Diaz-Cayeros, Magaloni, and Weingast: Tragic brilliance
Disclaimer. Don't rely on these old notes in lieu of reading the literature, but they can jog your memory. As a grad student long ago, my peers and I collaborated to write and exchange summaries of political science research. I posted them to a wiki-style website. "Wikisum" is now dead but archived here. I cannot vouch for these notes' accuracy, nor can I say who wrote them.
Diaz-Cayeros, Magaloni, and Weingast. 2003. Tragic brilliance: Equilibrium hegemony and democratization in Mexico. Manuscript.
How do unpopular one-party regimes continue to attract votes (as the PRI did)?
The Lit's (incorrect) Answers
- Coercion: If this were the answer, authoritarian states wouldn't be more likely to fall during rough economic times--yet they are.
- Legitimacy through economic success: The PRI endured several rough economic times. So this can't be the whole answer.
Argument: A 'tragic' and 'brilliant' solution
- Tragic: They force citizens to accept corruption, inefficient policies, and poor government service.
- Brilliant: They create incentives so that citizens willingly vote for them anyway. Rather than vote retrospectively (against PRI), voters vote prospectively (to avoid losing clientelistic benefits that the PRI can provide).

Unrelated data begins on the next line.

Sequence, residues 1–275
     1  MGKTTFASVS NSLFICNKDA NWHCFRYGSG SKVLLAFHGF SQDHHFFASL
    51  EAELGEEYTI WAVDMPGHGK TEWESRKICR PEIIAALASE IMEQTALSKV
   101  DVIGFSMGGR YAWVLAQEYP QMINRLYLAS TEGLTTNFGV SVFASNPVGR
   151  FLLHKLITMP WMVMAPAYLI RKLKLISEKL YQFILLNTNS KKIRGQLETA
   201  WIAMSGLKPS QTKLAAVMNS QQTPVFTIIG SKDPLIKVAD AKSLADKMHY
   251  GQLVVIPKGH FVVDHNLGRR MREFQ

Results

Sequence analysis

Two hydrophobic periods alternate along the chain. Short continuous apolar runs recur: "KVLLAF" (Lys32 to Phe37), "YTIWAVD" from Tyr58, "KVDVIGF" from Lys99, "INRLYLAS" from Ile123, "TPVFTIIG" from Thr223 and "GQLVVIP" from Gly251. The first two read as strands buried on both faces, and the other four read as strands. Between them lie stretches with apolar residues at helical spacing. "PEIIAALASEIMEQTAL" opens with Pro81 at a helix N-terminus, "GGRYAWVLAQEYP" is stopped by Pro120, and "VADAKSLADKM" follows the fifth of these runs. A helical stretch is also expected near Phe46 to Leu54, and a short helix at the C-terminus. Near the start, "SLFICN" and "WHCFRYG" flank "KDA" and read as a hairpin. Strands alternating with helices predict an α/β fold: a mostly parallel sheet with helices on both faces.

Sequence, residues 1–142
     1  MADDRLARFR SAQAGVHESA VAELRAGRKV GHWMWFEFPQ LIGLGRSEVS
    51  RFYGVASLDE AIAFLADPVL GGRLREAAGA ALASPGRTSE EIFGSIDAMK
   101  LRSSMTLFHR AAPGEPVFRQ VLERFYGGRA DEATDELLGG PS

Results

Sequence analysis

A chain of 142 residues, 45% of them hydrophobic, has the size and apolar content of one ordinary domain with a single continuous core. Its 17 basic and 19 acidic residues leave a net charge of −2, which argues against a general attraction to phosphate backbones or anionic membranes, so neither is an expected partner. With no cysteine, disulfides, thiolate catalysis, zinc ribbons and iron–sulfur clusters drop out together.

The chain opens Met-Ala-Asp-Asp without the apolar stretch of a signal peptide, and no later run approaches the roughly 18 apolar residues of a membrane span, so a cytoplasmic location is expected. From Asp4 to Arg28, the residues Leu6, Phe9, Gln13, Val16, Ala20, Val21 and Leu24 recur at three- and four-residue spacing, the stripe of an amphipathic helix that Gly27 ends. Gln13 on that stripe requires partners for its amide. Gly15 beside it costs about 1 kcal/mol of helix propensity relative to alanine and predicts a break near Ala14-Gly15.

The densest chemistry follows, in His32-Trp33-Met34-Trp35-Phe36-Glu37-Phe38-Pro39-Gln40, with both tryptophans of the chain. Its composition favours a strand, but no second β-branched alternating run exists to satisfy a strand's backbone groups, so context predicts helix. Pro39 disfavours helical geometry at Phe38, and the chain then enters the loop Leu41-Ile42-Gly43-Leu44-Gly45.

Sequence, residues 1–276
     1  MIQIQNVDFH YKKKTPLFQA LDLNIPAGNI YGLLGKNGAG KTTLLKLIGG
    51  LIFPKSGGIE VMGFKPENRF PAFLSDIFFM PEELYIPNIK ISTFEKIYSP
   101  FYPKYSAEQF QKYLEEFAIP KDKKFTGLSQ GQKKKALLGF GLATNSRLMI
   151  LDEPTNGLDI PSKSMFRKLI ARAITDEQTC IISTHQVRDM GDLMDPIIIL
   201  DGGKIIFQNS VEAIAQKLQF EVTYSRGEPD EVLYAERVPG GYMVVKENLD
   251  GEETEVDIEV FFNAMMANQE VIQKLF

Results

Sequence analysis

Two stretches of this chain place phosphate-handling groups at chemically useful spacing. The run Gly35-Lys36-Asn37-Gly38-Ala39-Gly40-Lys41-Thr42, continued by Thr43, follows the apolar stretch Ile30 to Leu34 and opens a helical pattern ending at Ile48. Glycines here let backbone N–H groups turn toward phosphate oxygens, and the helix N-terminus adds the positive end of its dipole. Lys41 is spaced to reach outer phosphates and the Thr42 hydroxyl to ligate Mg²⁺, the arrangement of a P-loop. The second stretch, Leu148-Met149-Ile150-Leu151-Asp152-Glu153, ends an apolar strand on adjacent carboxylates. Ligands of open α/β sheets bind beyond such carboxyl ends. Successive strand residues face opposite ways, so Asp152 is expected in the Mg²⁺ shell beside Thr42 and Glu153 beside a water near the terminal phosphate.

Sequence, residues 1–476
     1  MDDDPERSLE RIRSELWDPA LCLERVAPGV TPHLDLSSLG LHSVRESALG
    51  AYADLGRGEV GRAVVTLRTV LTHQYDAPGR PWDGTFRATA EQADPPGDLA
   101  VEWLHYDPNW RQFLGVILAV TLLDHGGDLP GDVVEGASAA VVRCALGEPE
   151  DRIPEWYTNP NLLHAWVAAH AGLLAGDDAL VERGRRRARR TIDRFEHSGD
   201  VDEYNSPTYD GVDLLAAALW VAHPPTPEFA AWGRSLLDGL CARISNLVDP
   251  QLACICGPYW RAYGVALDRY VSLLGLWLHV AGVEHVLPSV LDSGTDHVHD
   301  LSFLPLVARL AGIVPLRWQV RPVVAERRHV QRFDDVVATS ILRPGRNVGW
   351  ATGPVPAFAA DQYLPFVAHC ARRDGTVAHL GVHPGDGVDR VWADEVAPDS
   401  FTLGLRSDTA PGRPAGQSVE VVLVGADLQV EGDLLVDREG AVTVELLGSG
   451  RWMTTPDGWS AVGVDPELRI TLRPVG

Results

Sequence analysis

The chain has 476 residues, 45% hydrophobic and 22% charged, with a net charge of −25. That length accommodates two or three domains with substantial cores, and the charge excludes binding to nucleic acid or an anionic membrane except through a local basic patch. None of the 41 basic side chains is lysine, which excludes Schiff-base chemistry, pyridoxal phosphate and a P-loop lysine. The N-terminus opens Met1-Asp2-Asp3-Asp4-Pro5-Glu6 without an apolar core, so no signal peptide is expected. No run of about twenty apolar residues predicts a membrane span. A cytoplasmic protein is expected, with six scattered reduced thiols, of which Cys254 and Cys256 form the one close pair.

Central Funding of Municipalities
To gain a foothold, an opposition party would need to win some local races. But municipal governments depend on the central government for their money. And the PRI credibly threatens to dramatically reduce funding to (i.e. punish) any municipality that elects an opposition party. Thus, in order for the local government to be able to continue to function, citizens have strong incentives to vote for PRI, not an opposition party.
Two Additional Factors Hurting the Opposition
- No record in the national government, therefore no credibility on policy promises.
- No access to central government's funds, therefore can't commit to provide roads, water, sewage, power, etc., without PRI's support.
Three Trends that Weaken the PRI (from comparative statics)
- Economic collapse in the 1980s and the 1994 Peso crisis reduced the resources available to the PRI to reward supporters.
- Economic modernization differentiated localities, making some more likely to defect from the PRI.
- Biggie: The Mexican economy's growing internationalization allowed people to get wealth on their own: More jobs, more integration with the US, and more remittances from family working in the US gave voters a credible exit strategy from the PRI.
- Holding other factors constant, opposition municipalities do receive less money from the capitol.
- The municipalities most likely to defect are those facing the greatest opportunity costs to staying under the inefficient PRI (i.e. the three variables listed above).
Research by the same authors
- De Figueiredo and Weingast: The rationality of fear
- Greif, Milgrom, and Weingast: Coordination, commitment, and enforcement
- McCubbins, Noll, and Weingast: Administrative procedures as instruments of political control
- McCubbins, Noll, and Weingast: Structure and process, politics and policy
- Milgrom, North, and Weingast: The role of institutions in the revival of trade
- Weingast and Marshall: The industrial organization of Congress
- Weingast and Moran: Bureaucratic discretion or Congressional control
- Weingast: The economic role of political institutions
Research on similar subjects
Diaz-Cayeros, Alberto (author) • Magaloni, Beatriz (author) • Weingast, Barry (author) • Comparative Politics • Single Party Dominance
Wikisum home: Index of all summaries by title, by author, or by subject.